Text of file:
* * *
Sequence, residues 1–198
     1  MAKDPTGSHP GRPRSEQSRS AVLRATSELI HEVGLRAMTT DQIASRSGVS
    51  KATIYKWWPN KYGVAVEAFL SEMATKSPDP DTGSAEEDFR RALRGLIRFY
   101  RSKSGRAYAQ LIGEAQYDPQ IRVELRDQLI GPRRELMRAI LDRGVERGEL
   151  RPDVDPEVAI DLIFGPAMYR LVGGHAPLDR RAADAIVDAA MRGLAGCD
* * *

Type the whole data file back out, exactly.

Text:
Sequence, residues 1–198
     1  MAKDPTGSHP GRPRSEQSRS AVLRATSELI HEVGLRAMTT DQIASRSGVS
    51  KATIYKWWPN KYGVAVEAFL SEMATKSPDP DTGSAEEDFR RALRGLIRFY
   101  RSKSGRAYAQ LIGEAQYDPQ IRVELRDQLI GPRRELMRAI LDRGVERGEL
   151  RPDVDPEVAI DLIFGPAMYR LVGGHAPLDR RAADAIVDAA MRGLAGCD